Our body goes with us wherever we go. How could we try to learn a language and forget about the body? That is why one of the English lessons that we consider very useful is that of the body parts. On more than one occasion, you will need to accurately describe pain or discomfort. It is also important to know the correct pronunciation so that the people you are speaking to will know what you are talking about.
In this blog post, we have compiled the most important body parts with their pronunciation. We have also included a practical example that will help you to memorize them all simply. We recommend that you read this article and perform some additional practice exercises to make sure that you learn all of the vocabulary and the correct pronunciation. Let’s begin!
The Basic and the Visible
Let’s begin with the body parts that we all learned at school when we were young. You surely already know some of the following in English.
Face is pronounced /feɪs/.
Your face is all red.
Eyes is pronounced /aɪs/.
Her eyes are beautiful.
Ears is pronounced /ɪrs/.
My ears hurt.
Mouth is pronounced /maʊθ/.
Sara says her mouth is dry.
Nose is pronounced /noʊz/.
I got stung by a bee on the nose.
If you already knew more than two of the words from the previous list, then the extremities will definitely not be a challenge. Apart from the basic words, we have included some others that are not so obvious.
Arms is pronounced /ɑːrms/.
She crossed her arms.
Legs is pronounced /leɡs/.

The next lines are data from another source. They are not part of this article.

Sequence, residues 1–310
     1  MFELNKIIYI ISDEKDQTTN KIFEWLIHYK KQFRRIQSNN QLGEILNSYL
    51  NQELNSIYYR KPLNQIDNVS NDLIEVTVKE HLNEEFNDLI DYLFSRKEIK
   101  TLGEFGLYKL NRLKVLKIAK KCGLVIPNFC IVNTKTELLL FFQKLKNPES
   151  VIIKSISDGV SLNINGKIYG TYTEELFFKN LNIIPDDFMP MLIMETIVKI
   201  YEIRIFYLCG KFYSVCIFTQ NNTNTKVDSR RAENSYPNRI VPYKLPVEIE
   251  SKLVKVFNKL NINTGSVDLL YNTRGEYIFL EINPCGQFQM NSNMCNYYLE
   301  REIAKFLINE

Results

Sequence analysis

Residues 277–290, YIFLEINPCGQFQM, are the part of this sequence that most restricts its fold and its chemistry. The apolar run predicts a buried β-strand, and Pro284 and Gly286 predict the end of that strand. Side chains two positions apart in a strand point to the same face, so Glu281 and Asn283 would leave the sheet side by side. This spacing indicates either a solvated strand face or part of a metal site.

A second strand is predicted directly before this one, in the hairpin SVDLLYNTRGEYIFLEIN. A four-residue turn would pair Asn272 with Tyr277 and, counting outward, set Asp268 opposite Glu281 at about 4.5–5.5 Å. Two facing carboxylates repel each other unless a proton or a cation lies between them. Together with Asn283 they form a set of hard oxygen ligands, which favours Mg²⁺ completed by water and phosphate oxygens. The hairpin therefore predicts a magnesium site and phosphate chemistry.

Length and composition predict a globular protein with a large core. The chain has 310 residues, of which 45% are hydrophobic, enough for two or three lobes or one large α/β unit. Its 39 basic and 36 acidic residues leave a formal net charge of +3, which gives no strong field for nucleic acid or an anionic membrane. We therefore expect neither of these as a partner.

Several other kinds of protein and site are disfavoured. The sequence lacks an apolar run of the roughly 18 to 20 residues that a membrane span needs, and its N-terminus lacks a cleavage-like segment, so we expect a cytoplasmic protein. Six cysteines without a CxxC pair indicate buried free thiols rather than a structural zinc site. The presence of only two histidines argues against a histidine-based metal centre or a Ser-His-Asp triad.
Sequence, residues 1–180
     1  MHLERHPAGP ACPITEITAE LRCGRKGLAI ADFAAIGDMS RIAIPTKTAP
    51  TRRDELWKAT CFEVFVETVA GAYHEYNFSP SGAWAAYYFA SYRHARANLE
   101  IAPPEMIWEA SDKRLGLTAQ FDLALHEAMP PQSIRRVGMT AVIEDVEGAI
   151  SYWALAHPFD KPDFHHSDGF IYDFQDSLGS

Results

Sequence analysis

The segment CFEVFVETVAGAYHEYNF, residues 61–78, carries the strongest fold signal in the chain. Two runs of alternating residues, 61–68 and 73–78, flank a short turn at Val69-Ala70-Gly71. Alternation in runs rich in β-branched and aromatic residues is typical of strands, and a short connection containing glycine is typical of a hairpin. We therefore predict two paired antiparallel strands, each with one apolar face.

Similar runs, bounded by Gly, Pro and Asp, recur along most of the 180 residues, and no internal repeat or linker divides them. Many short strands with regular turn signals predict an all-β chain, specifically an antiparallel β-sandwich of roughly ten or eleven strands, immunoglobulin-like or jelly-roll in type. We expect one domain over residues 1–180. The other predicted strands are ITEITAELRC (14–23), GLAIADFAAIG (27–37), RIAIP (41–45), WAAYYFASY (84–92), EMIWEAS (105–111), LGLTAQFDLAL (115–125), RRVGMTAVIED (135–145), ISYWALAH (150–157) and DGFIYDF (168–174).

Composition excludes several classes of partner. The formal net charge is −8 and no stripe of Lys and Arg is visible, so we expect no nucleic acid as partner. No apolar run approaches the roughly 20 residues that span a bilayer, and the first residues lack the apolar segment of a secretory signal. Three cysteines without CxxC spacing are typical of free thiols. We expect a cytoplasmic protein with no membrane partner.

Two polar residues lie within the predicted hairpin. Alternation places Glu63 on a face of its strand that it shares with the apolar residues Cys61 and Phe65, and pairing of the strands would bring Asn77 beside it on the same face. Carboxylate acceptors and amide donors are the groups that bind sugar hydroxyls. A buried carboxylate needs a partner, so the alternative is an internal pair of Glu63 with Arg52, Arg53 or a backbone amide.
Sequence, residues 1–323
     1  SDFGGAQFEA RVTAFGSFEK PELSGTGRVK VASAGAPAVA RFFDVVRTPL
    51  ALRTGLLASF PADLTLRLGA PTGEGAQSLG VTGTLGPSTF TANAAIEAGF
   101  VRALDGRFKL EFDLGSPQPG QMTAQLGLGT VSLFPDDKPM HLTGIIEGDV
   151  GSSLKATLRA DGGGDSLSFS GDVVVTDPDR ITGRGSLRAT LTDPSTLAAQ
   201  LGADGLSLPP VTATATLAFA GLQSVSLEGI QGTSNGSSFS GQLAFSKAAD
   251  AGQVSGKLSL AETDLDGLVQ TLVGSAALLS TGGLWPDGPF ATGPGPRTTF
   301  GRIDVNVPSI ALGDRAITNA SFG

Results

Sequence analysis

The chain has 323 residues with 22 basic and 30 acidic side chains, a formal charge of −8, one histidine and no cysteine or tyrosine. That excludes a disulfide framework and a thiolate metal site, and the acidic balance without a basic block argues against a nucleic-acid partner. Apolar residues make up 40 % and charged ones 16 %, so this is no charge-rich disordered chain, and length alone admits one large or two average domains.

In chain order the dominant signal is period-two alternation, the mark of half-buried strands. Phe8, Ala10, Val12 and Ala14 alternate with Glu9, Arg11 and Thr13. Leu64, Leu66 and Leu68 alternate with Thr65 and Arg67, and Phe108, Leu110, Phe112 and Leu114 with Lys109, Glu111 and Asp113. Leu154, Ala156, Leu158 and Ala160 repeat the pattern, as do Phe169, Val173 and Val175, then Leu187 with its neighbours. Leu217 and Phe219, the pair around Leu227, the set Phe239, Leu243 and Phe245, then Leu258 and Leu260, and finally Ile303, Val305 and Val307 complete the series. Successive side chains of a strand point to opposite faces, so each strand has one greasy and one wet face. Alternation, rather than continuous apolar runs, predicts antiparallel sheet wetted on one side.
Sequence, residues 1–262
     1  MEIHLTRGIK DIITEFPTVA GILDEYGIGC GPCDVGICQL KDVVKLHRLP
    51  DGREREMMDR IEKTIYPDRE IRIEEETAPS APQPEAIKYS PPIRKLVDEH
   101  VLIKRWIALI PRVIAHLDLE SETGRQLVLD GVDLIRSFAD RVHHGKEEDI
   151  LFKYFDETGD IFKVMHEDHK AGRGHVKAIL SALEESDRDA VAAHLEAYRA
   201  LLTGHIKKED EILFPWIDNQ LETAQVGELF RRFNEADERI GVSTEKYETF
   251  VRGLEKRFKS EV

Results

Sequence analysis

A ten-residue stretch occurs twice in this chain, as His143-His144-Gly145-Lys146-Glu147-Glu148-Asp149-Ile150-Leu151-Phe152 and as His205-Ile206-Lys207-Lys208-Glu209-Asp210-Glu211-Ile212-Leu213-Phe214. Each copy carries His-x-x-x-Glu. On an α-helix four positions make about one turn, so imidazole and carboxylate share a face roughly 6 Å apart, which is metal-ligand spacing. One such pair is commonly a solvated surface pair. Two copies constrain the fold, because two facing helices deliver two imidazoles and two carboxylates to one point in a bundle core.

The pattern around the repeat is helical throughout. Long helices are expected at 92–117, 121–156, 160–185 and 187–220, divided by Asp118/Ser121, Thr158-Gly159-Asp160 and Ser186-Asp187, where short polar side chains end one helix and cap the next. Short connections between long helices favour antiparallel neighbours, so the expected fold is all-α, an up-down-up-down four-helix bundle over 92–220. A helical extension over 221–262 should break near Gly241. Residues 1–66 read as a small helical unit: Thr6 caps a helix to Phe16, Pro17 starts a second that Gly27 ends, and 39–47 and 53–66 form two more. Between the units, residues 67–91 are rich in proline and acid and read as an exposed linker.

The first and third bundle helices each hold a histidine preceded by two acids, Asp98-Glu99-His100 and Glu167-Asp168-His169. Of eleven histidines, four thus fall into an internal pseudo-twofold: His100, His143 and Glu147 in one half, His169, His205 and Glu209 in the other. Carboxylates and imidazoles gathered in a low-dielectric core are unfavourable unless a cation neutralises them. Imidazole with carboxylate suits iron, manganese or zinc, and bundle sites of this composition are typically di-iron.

I ran a lot; now I can’t feel my legs.
Feet is pronounced /fiːt/, but remember that this is an irregular plural. So, if you would like to use the singular, you should use foot which is pronounced /fʊt/.
I have big feet.
My right foot is swollen.
Wrist is pronounced /rɪst/.
My wrists hurt.
Ankle is pronounced /ˈæŋ.kəl/.
I twisted my ankle last week.
The Internal Organs
These words are also essential when at a doctor’s appointment or even when you simply feel a bit of discomfort. That is why it is important that you know them well so that you can correctly express what you are feeling.
Heart is pronounced /hɑːrt/.
My heart is pounding.
Stomach is pronounced /ˈstʌm.ək/
I have a stomach ache.
Lungs is pronounced /lʌŋ/.
Smoking is bad for your lungs.
Kidney is pronounced /ˈkɪd.ni/.
Drinking water is good for your kidneys.
Liver is pronounced /ˈlɪv.ɚ/.
You have an enlarged liver.
Brain is pronounced /breɪn/.
My brain stores a lot of information.
As you can see, this list has not been exhaustive, since our body has many parts. But the vocabulary you have learned in this article will be extremely useful on a day-to-day basis.
Now, if you are interested in further enriching your vocabulary, it would be a good idea to dedicate some time every day to learning English. You can learn its vocabulary and its grammar as well as developing communication skills. How about trying out the online English course from ABA English? This course offers 144 free video classes and the same number of short films to allow you to learn all of the English elements you will need to communicate on a daily basis.